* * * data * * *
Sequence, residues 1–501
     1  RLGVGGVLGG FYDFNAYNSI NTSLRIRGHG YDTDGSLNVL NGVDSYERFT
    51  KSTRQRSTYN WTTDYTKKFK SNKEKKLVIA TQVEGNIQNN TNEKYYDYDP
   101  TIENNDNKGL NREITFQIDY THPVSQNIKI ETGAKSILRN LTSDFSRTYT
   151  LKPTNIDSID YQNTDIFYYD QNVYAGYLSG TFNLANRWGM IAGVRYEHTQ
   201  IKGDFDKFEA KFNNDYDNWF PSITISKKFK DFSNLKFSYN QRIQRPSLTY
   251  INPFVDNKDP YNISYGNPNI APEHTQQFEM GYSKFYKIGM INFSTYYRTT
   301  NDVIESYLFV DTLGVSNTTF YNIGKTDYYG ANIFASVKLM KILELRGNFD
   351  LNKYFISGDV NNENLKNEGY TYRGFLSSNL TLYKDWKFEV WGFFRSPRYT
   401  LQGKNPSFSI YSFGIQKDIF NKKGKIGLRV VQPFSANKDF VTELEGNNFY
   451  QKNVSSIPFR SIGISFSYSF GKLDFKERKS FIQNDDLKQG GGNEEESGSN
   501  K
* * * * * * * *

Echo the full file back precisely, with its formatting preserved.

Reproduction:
Sequence, residues 1–501
     1  RLGVGGVLGG FYDFNAYNSI NTSLRIRGHG YDTDGSLNVL NGVDSYERFT
    51  KSTRQRSTYN WTTDYTKKFK SNKEKKLVIA TQVEGNIQNN TNEKYYDYDP
   101  TIENNDNKGL NREITFQIDY THPVSQNIKI ETGAKSILRN LTSDFSRTYT
   151  LKPTNIDSID YQNTDIFYYD QNVYAGYLSG TFNLANRWGM IAGVRYEHTQ
   201  IKGDFDKFEA KFNNDYDNWF PSITISKKFK DFSNLKFSYN QRIQRPSLTY
   251  INPFVDNKDP YNISYGNPNI APEHTQQFEM GYSKFYKIGM INFSTYYRTT
   301  NDVIESYLFV DTLGVSNTTF YNIGKTDYYG ANIFASVKLM KILELRGNFD
   351  LNKYFISGDV NNENLKNEGY TYRGFLSSNL TLYKDWKFEV WGFFRSPRYT
   401  LQGKNPSFSI YSFGIQKDIF NKKGKIGLRV VQPFSANKDF VTELEGNNFY
   451  QKNVSSIPFR SIGISFSYSF GKLDFKERKS FIQNDDLKQG GGNEEESGSN
   501  K